Oticon Opn™ is the first hearing aid proven to make it easier on the brain. The small, discreet hearing aid improves your ability to understand speech by up to 30%, so you don’t have to work as hard to understand, leaving more mental energy to remember what you hear – so you can communicate easily and stay socially active. Opn processes sound at extreme speed to remove distracting noise, even between words. You can follow conversation even in environments with multiple people speaking, such as crowded restaurants.
The newest BrainHearing solution also connects directly to compatible mobile phones and other external devices so you can stay connected on the go. With just a tap of your fingertips, you can stream audio directly to your hearing aids. Opn is also the world’s first hearing device that is connected to the Internet via the IFTTT network, a web service that automates other web-based functions to make life easier. You can use Opn hearing aids with a growing number of IFTTT-compatible products and services from wake-up notices and sports reports to practical considerations such as low battery alerts and connections to smart home devices.
Tinnitus & Your Brain
Tinnitus – that ringing, buzzing, whistling or other noises in the ear – can disrupt life and interfere with your enjoyment of everyday activities. Approximately 80% of people experiencing hearing loss also suffer from tinnitus. Hearing aids have proven helpful for people with hearing loss who also experience tinnitus. The explanation is simple. With better hearing, the brain has other external sounds to listen to, making tinnitus less disturbing. Improved hearing also takes away the strain of listening, especially in difficult listening situations, and may help to reduce the stress associated with tinnitus.
Refocusing the Brain
There are many ways to take control of your tinnitus and reduce its impact on your life. A hearing care professional can help you manage your symptoms through education, counseling and sound therapy. Oticon Opn hearing aids with built-in Tinnitus SoundSupport™ can also help you direct your focus away from tinnitus by playing a wide range of relief sounds like white noise and soothing ocean-like sounds. You can adjust the sounds until they give the relief you need — wherever you find yourself needing it.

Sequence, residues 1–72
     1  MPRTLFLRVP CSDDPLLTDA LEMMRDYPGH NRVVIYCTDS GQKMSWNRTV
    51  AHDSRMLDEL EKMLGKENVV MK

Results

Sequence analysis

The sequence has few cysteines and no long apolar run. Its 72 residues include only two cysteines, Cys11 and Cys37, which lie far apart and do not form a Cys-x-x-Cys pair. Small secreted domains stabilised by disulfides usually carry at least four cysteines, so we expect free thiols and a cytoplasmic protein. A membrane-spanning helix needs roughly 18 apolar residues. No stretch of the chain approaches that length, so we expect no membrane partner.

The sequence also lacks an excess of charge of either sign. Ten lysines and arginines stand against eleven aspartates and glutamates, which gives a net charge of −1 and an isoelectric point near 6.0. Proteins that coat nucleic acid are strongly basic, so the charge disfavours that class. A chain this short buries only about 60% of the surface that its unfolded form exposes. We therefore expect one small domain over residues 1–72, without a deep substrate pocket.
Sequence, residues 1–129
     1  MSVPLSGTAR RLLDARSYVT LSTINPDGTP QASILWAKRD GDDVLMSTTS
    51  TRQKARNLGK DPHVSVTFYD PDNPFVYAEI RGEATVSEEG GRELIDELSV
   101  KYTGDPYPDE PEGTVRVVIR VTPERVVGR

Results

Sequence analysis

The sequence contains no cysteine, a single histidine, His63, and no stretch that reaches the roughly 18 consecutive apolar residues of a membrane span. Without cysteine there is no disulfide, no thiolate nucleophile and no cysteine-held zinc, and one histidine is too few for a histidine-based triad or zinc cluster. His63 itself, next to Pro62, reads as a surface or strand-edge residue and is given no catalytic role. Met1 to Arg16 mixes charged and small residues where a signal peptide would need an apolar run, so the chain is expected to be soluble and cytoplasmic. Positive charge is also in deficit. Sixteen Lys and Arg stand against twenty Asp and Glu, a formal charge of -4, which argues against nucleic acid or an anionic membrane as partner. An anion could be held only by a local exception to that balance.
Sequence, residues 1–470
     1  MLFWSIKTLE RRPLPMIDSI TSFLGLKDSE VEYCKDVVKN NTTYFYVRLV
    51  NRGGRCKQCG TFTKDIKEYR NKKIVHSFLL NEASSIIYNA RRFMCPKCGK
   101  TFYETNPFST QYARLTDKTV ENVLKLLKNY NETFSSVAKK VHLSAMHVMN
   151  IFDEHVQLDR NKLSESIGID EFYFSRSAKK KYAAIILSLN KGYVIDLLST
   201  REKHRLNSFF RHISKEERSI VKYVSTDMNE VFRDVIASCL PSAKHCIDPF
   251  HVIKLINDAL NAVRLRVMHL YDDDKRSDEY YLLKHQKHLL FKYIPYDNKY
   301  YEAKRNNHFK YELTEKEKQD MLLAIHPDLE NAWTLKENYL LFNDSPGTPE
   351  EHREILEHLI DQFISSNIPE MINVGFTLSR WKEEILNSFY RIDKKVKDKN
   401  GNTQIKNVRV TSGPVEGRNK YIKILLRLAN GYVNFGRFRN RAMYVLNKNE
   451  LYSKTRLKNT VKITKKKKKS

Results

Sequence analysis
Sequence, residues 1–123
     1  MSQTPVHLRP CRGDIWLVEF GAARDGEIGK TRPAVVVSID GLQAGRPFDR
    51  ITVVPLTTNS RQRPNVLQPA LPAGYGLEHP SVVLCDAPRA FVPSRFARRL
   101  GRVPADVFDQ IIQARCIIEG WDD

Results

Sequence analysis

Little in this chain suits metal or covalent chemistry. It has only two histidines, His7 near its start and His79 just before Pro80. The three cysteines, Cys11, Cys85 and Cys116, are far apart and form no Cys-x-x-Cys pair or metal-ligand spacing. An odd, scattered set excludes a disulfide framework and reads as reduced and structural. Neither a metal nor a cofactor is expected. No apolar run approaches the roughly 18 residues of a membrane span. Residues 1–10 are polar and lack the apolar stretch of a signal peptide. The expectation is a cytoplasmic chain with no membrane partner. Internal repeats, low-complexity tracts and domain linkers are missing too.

Hearing Care is Health Care
When it comes to healthy aging, it makes sense to take care of your hearing health, just as you care about the rest of your health. The World Health Organisation estimates that more than 360 million people worldwide suffer from hearing loss. Many of them aren’t aware of it or are putting off treatment. If you’re one of them, you owe it to yourself to visit a hearing care professional for a hearing evaluation. Your future as an active, engaged, healthy person could depend on it.
Win a Poster Heater with Gadget and Takealot.com
This winter Gadget and Takealot.com are giving away three Poster Heaters, which look like posters but become heaters when you plug them in.
Three Gadget readers will each win a unit, valued at R550 each. To enter, follow @GadgetZA and @Takealot on Twitter and tell us on the @GadgetZA account how many Watts the heater consumes.